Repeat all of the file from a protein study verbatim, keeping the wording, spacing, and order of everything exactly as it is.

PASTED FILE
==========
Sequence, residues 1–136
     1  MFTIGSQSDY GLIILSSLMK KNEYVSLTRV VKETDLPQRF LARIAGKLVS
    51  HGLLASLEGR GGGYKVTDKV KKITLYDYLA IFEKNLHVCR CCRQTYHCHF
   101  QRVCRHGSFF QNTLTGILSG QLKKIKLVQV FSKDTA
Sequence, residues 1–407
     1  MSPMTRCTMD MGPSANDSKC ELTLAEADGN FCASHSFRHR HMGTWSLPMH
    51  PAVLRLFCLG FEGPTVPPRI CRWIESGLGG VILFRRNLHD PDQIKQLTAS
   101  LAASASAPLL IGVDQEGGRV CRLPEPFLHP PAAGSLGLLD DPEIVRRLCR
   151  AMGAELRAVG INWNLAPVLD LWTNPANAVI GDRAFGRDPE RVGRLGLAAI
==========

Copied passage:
Sequence, residues 1–136
     1  MFTIGSQSDY GLIILSSLMK KNEYVSLTRV VKETDLPQRF LARIAGKLVS
    51  HGLLASLEGR GGGYKVTDKV KKITLYDYLA IFEKNLHVCR CCRQTYHCHF
   101  QRVCRHGSFF QNTLTGILSG QLKKIKLVQV FSKDTA
Sequence, residues 1–407
     1  MSPMTRCTMD MGPSANDSKC ELTLAEADGN FCASHSFRHR HMGTWSLPMH
    51  PAVLRLFCLG FEGPTVPPRI CRWIESGLGG VILFRRNLHD PDQIKQLTAS
   101  LAASASAPLL IGVDQEGGRV CRLPEPFLHP PAAGSLGLLD DPEIVRRLCR
   151  AMGAELRAVG INWNLAPVLD LWTNPANAVI GDRAFGRDPE RVGRLGLAAI